In the footsteps of a whale
I have always been fascinated by Icelandic history, sagas and stories. The best thing about them is that they may lead you to the most interesting places. Or how does the second tallest waterfall in Iceland, a lava cave and icy river crossings sound to you?
One of my favorite stories tells about an evil-spirited whale who lives in a fjord. A pastor lures the whale up a waterfall and all the way to a highland lake where the whale dies of exhaustion. The story sounds unbelievable but this particular fjord and its surroundings have been named after it. Jump in your car, take the ring road 1 towards north and before the Hvalfjörður tunnel turn right to the road 47. Now you’ll find yourself in Hvalfjörður, Whale Fjord.
The fjord is breathtakingly beautiful. The water is clear and high mountains rise around it giving shelter to wild roaming sheep. In the middle of the fjord, you can see an island that according to the Harðar saga was once occupied by a large band of outlaws. The calm and quiet but still majestic and oneiric landscape makes one’s imagination run wild. It’s hard to believe this small oasis is situated right next to the busiest road of the whole country.
Steer your car to the parking lot found at the bottom of the fjord and start your adventure. The main attraction here is Iceland’s second tallest waterfall (198 meters, 650 feet). Put on good hiking shoes and get prepared for a steep and high climb (no climbing equipment needed, but you definitely will need your both hands to help you up). I also recommend taking snacks, extra clothing, wading shoes, a camera and some kind of light source (a phone will do) with you. The hike will take about 3-4 hours and it’s not an easy walk in the park.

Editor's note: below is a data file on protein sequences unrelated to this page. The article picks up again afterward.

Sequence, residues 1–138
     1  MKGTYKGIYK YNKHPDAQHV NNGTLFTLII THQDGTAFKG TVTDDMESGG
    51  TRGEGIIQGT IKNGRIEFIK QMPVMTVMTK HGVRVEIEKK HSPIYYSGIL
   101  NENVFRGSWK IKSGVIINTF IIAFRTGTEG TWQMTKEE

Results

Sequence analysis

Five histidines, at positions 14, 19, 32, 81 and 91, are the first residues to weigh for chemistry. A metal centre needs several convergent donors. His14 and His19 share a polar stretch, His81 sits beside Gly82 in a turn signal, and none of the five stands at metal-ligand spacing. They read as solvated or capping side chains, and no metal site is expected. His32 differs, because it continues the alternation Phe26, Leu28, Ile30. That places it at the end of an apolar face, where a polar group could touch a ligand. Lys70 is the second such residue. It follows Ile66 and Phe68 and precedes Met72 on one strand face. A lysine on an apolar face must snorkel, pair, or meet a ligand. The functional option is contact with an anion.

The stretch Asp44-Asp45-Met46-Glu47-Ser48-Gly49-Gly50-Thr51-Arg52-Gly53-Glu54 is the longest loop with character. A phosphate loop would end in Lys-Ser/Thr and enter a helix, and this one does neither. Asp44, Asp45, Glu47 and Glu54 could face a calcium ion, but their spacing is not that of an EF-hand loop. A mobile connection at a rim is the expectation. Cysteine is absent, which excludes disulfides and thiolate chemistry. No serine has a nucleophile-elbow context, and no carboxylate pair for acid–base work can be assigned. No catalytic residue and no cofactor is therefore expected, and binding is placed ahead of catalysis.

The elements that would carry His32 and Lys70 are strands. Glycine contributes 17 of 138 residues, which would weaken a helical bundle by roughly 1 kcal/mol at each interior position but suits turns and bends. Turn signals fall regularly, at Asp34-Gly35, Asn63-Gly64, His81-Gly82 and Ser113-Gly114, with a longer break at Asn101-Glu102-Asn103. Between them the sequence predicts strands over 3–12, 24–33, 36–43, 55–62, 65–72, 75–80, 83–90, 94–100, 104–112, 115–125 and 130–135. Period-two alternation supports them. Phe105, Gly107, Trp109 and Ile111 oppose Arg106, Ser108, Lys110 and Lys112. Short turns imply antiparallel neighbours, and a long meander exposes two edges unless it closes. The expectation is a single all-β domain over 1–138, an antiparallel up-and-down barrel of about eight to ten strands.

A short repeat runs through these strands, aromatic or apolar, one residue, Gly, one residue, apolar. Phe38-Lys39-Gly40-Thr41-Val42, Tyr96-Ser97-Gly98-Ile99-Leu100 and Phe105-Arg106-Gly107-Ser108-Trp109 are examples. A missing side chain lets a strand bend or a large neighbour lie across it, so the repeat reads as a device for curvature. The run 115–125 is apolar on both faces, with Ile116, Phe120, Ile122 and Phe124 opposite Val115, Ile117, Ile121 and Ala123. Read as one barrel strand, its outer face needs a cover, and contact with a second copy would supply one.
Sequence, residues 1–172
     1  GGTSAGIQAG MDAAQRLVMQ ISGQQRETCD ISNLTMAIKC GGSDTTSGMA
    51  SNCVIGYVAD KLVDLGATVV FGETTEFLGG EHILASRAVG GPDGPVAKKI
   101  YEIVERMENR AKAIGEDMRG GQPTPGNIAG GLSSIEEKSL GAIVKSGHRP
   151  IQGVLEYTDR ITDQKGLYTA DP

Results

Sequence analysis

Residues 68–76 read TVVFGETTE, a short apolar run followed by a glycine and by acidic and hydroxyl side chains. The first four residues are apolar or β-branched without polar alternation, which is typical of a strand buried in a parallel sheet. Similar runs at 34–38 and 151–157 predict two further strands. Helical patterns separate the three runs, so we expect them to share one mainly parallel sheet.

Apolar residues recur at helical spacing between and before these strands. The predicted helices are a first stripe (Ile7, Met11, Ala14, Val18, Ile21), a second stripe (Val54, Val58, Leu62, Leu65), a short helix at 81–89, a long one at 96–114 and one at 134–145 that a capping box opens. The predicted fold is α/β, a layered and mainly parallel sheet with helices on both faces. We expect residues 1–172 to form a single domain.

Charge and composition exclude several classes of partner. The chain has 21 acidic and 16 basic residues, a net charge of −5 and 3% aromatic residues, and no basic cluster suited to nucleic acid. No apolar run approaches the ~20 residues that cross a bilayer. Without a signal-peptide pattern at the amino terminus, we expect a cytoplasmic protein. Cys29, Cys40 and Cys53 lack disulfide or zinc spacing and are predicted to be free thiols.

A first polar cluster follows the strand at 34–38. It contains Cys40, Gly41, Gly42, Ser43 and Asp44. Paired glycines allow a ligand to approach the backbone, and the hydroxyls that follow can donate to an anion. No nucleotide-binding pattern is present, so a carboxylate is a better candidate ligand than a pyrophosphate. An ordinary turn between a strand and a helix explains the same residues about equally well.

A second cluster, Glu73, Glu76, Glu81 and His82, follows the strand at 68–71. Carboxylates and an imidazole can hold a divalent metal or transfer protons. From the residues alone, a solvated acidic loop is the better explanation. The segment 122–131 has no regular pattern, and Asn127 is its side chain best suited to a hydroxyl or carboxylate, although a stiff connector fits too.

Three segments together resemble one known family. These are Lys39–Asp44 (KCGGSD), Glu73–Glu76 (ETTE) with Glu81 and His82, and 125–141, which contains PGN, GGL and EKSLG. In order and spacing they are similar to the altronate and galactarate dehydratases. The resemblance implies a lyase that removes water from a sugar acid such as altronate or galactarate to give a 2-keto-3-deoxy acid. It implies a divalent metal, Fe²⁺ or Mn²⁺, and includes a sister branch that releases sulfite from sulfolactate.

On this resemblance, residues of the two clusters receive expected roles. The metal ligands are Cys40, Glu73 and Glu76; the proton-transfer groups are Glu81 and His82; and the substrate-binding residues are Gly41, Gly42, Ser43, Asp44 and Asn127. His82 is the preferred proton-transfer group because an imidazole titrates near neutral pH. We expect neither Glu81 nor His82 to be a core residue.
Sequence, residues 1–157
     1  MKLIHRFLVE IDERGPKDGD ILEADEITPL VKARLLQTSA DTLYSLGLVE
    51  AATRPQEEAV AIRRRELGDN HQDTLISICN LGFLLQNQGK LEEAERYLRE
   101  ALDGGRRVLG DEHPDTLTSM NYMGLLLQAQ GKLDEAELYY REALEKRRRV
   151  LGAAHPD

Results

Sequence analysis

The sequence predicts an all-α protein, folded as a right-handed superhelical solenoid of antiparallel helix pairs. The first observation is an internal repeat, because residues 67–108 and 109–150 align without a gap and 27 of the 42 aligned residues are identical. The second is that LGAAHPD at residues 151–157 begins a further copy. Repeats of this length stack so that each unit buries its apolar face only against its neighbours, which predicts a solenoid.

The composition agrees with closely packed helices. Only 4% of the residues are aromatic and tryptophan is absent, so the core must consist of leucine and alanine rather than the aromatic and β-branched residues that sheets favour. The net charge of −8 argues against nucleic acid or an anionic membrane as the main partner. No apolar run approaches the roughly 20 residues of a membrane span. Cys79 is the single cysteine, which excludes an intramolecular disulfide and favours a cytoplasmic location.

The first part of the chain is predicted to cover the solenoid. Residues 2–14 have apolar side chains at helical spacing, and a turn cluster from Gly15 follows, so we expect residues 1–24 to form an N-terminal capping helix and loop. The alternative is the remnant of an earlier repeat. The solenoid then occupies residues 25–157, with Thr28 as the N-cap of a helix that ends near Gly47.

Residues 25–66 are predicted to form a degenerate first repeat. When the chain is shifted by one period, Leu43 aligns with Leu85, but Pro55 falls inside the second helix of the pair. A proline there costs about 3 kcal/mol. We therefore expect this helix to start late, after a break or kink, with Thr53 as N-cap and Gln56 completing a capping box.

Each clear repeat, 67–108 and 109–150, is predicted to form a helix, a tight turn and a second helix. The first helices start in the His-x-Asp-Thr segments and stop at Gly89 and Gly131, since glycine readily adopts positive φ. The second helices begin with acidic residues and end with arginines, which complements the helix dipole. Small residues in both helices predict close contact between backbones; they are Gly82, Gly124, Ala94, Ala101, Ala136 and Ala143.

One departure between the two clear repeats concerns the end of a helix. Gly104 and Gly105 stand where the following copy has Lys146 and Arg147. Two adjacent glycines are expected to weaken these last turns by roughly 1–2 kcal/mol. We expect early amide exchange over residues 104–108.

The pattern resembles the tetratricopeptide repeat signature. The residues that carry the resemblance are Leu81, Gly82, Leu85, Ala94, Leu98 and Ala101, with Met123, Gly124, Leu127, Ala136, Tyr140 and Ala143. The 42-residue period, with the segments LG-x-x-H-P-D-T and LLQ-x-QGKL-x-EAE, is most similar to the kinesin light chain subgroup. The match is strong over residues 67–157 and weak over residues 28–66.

After a walk across a beautiful field, you’ll come to a lava cave which you have to get through. With the help of a light source, you can safely take a closer look at this amazing cave. Few steps away from the cave is the scariest part of the hike (in my opinion). There’s a wild river you have to cross by balancing on a log and holding onto a cable. Sometimes the water is high and crossing seems dangerous. At a time like this you just have to take a deep breath and with one small step at a time make your way across the river.
At this point you can hear and see glimpses of the waterfall. By hiking, crawling and climbing up the hillside with the help of ropes you will reach a viewpoint where you can see the whole waterfall. The Glymur -waterfall got its name from the thundering sound the whale we spoke about earlier made while swimming upstream in the narrow ravine. If a whale made it all the way up, so can you. Enjoy the amazing view but remember you are here at your own risk. Respect nature and don’t get too close to the crumbling edges – there will be no one to catch you if you fall.